Any time you mention “Rugby World Cup proposals” there’s a double-meaning only champion former Wallaby Daniel Herbert understands.
Herbert is delighted that Australia is pushing so strongly and persuasively to host the Rugby World Cup 2027 as a game-changer for rugby in this country.
With his home city of Brisbane winning hosting rights for the 2032 Olympics, Herbert is also excited by the bigger picture it can paint for the nation.
“Winning the bid for the 2027 World Cup would be massive for the game of rugby in Australia and the Pacific,” Herbert said.
“We’ve got the opportunity to do something quite similar to that wonderful time when we hosted the 2000 Sydney Olympics, the Lions series in 2001 and a home Rugby World Cup in 2003.
“This will be the sporting epicentre of the world for several years.”
Herbert has experienced the World Cup from every angle. He was just out of school at 17 when he was a pure fan in Ireland, Wales and England for the winning 1991 tournament when elder brother Anthony was a Wallaby.
He played in South Africa at the 1995 World Cup and was a frontline weapon at outside centre for the 1999 World Cup triumph.
He was proud of the full stadiums across Australia in 2003 and is now a Rugby Australia Board member actively working towards a 2027 hosting.
In 1999, the Wallabies were based at the Portmanock Hotel and Golf Links outside Dublin for their most important pool game against Ireland.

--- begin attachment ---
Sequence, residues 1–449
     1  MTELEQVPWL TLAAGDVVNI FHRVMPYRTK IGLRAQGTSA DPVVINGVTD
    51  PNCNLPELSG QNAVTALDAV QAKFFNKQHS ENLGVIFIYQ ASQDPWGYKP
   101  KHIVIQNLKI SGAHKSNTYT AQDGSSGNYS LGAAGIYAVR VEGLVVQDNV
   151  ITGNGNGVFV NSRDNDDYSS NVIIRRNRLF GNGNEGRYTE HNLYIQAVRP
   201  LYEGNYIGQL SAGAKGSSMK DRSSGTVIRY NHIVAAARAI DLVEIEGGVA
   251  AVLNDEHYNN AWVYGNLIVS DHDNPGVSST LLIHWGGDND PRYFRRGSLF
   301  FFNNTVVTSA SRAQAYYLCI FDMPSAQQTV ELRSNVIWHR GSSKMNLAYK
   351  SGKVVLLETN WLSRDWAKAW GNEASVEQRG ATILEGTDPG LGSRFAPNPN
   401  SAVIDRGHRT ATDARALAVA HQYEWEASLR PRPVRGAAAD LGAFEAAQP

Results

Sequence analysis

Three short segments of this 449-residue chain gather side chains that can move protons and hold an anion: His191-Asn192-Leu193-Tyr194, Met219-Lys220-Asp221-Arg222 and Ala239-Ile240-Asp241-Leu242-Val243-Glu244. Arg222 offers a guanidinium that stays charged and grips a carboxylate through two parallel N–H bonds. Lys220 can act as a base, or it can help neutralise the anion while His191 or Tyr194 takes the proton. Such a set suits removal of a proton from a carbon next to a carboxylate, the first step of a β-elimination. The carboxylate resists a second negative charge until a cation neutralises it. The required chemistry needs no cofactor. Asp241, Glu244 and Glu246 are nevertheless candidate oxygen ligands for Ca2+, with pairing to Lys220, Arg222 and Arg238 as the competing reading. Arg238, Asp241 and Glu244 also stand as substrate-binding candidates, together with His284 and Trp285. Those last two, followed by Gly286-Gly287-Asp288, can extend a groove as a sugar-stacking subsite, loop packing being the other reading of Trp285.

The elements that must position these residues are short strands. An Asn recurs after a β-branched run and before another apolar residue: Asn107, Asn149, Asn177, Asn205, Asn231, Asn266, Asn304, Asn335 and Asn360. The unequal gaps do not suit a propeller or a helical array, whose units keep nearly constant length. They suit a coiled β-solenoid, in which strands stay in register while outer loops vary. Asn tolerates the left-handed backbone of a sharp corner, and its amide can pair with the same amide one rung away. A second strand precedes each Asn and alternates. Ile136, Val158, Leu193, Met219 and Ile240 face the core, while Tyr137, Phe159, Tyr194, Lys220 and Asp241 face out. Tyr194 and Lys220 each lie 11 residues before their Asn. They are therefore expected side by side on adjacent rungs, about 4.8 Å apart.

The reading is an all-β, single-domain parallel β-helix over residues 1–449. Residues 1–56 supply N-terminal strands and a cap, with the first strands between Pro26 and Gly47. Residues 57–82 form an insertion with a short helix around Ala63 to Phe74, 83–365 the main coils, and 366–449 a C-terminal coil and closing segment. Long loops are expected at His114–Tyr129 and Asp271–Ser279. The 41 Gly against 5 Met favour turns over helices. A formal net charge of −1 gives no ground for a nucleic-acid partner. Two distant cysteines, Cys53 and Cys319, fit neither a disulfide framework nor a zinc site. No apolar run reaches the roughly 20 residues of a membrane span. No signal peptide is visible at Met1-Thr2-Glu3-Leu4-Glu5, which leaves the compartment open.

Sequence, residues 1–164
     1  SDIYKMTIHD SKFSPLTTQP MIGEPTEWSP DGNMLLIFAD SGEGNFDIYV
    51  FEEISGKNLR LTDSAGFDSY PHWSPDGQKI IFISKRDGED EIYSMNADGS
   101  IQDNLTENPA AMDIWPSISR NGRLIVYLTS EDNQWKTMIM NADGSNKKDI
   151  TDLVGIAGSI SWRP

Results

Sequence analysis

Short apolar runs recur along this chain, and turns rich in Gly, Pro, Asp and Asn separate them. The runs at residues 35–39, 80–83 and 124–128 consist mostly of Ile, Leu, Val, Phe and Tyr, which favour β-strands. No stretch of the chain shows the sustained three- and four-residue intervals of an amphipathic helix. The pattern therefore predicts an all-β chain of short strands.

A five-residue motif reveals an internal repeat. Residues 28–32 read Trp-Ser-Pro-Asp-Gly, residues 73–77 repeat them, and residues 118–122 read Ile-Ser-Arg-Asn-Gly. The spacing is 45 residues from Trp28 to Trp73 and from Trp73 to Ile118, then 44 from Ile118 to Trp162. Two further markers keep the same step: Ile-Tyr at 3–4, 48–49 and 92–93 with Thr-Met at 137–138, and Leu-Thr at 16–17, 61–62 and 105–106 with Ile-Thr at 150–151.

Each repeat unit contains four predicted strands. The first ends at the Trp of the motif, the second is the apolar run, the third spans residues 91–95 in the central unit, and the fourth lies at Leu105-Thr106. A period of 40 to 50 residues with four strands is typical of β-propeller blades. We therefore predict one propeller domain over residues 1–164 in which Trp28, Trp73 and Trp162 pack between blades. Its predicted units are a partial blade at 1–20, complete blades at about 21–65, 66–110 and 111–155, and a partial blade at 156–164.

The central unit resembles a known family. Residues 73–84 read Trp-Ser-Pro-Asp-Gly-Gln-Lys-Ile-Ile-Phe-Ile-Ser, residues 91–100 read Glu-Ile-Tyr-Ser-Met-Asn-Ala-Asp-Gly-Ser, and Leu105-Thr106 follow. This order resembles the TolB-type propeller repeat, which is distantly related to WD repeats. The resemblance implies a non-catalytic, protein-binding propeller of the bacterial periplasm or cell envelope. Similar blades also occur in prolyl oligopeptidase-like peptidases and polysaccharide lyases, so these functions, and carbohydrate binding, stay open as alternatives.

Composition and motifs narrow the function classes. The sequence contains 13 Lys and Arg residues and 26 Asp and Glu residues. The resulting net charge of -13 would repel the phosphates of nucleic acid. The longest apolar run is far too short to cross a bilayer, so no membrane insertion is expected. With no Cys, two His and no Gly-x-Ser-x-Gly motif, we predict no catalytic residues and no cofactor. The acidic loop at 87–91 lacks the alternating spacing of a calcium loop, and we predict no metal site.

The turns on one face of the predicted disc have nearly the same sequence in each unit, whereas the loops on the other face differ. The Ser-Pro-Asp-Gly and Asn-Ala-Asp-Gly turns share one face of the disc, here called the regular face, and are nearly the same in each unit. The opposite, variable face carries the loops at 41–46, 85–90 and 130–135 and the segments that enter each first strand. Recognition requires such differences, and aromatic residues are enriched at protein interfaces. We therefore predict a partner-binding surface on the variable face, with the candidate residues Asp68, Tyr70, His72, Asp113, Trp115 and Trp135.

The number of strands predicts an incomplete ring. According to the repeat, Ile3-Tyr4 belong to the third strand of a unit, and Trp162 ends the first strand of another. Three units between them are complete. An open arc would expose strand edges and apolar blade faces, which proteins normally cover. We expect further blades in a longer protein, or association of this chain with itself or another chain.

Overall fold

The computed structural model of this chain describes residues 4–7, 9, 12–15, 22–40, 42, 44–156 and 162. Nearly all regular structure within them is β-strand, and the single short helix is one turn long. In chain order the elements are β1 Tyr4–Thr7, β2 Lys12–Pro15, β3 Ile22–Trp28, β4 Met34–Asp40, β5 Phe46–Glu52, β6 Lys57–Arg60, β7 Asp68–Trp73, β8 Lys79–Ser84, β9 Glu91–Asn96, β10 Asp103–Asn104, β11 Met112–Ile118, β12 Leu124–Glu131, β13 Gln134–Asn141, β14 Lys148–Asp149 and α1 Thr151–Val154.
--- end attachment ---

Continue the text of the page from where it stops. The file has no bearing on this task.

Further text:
The Irish made the Wallabies feel right at home. One local even penned a limerick about the powerful centre that went something like this.
“There was a young Wallaby named Herbert, who made a tackle that hurt a bit....”
Herbert had his Irish sweetheart Serena in town, the Wallabies were enjoying themselves and, still, Herbert was restless.
“I just couldn’t sleep going into that Irish match. So, two nights before the Test, it just came into my head, ‘I’m going to propose’,” Herbert explained.
“I had no thought of it when I flew over from Australia but I was thinking 'I’m playing Ireland in two days, I’ve got to sleep'.”
It was an extraordinary leap and a good deal more exciting as team news than a routine hamstring twinge a few days out from a key Test match.
Herbert got down on bended knee on a beach by the Irish Sea and proposed with an Irish claddagh ring set with Serena’s emerald birthstone.
The pair were engaged. Herbert got to sleep. The Wallabies thumped Ireland 23-3 in front of nearly 50,000 fans at Lansdowne Road and the rest is history. The couple now have two kids.
Herbert never really pictured himself as a Wallaby at 17 and the fuse that was lit by the excitement of his first trip overseas in 1991 was subliminal.
“I never thought I had a chance to do it so at that stage it wasn’t a dream. I just enjoyed being there, watching the Wallabies win the final and sneaking into a few bars,” he said with a smile.
“Only when I got to play some under-age rep footy a year or so later could I start to see that maybe I could aspire to the World Cup as a player.”
Playing at a home World Cup eluded Herbert but that occasion would be magnetic for a whole era of players.
“It would be massive for the players. It would be massive for the fans. It would be huge for the country as well as the third biggest sporting event in the world,” Herbert said.
“Millions of eyeballs from around the world will be on Australia and, potentially, hundreds of thousands of visitors would come to the tournament.
“That boost for tourism generalIy would benefit the whole country.
“I really think Australia’s preparedness regarding stadiums is a major asset to the bid.
“A big part of these big events now is not to have white elephant legacies.
“Australia has some great stadiums already plus a track record of hosting and running major events.
"I really feel what Australia offers puts us in a good position to win the bid.”